The study cohort included 32 patients: 3 men and 29 women with a mean age of 51.2±15.2 years. One patient died during follow-up for causes unrelated to PH and was not excluded. Thyroidectomy was performed for benign goiter in 22 (68.8%) patients and for thyroid cancer in 10 (31.3%) patients. Three or four parathyroid glands were preserved in situ in 81% of patients. Parathyroid transplantation had been carried out in 13 (40.6%) patients. The mean length of follow-up was 78±68 months (range, 12–168 months) for a total of 70,080 days PH patient/days (Table 1).

Table 1
Table 1 Clinical and surgical characteristics of 32 patients with postoperative permanent hypoparathyroidism
Full table

Adverse clinical events

A total of 48 clinical adverse events were diagnosed in 18 (56.3%) patients (Table 2). The most frequent events requiring medical attention were renal failure (15.6%) and clinical hypocalcemia (15.6%). The most prevalent consultation in the Emergency Department was for clinical hypocalcemia.

Table 2
Table 2 Clinical events occurring during long-term follow-up of 32 patients with postoperative hypoparathyroidism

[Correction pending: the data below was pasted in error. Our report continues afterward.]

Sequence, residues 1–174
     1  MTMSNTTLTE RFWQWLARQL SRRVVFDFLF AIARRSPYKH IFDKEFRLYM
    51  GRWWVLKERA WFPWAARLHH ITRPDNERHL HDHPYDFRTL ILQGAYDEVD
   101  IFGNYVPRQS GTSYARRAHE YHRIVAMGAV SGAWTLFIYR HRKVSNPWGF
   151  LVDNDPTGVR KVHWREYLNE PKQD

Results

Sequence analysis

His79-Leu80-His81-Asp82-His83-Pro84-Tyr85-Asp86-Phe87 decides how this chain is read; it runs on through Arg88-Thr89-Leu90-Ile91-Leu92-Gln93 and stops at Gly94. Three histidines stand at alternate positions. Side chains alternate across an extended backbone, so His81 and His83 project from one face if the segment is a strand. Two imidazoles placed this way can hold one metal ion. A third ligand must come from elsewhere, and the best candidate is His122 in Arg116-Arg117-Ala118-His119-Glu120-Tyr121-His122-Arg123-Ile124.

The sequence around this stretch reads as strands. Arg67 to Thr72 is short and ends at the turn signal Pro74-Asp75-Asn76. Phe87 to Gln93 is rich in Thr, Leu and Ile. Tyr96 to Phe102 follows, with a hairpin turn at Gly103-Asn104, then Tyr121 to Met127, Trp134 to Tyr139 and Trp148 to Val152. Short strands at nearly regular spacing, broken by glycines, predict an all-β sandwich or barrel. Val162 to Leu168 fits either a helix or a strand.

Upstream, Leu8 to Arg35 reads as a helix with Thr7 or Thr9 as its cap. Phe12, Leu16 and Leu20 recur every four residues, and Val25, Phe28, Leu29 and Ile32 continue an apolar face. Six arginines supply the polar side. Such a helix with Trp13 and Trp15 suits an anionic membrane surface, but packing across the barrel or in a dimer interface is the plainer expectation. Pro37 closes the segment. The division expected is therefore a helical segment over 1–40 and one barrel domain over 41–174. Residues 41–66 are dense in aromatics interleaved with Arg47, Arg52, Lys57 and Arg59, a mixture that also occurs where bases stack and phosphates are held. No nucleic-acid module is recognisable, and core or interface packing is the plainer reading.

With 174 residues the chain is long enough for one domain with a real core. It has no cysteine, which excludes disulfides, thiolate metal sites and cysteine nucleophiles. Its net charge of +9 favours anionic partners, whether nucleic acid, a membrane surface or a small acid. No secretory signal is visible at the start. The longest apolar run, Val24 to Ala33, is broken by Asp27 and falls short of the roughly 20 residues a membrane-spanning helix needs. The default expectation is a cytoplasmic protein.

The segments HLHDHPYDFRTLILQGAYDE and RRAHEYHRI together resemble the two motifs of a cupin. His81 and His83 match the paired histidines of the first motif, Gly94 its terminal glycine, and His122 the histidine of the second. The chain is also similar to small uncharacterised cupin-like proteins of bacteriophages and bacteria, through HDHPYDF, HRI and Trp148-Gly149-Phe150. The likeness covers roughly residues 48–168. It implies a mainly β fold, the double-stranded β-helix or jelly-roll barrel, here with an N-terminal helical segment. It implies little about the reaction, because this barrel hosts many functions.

Full table

Complications analyzed according to the type of vitamin D analogue

At the last follow-up visit, patients treated with calcitriol showed a higher serum creatinine concentration than those receiving calcifediol. Of the 32 patients, only one was receiving calcium supplements alone. Although the difference was not statistically significant, renal failure (creatinine >1.2 mg/dL) at the time of the last follow-up visit was twice as common in the calcitriol (27%) than in the calcifediol group (10%). Patients treated with calcitriol showed poorer control of sCa concentrations and had more calcium measurements outside the normal range than those treated with calcifediol. sCa minimum values were noticeably worse in patients treated with calcitriol (Table 3). Clinical hypocalcemic events were almost 5 times more common in the calcitriol group but no differences were observed in the number of visits for clinical hypercalcemia (Table 3). Calcitriol treated patients presented a density of 2.87 episodes of hypocalcemia per 10,000 PH patient/days and four patients of this group sought medical assistance due to overt clinical symptomatology. On the other hand, patients who received calcifediol presented a density of 2.15 episodes of hypocalcemia per 10,000 days and 0.48 episodes of hypercalcemia per 10,000 days and only one patient required medical assistance (Table 3).

Table 3
Table 3 Clinical events and biochemical values according to vitamin D analogue treatment received
Full table

More intensive treatment with calcium was prescribed for patients with undetectable iPTH than for patients with low but detectable iPTH (2.6±0.9 vs. 1.6±1.0 g/day, respectively; P=0.013). Similarly, vitamin D analogues dose was higher in the group with undetectable iPTH than in the detectable iPTH group: 1.59±0.8 vs. 0.11±0.2 µg/day of calcitriol, P=0.076 and 42.5±49.4 vs. 17.8±28.6 mg/day of calcifediol, P=0.170.

Assessment of quality of life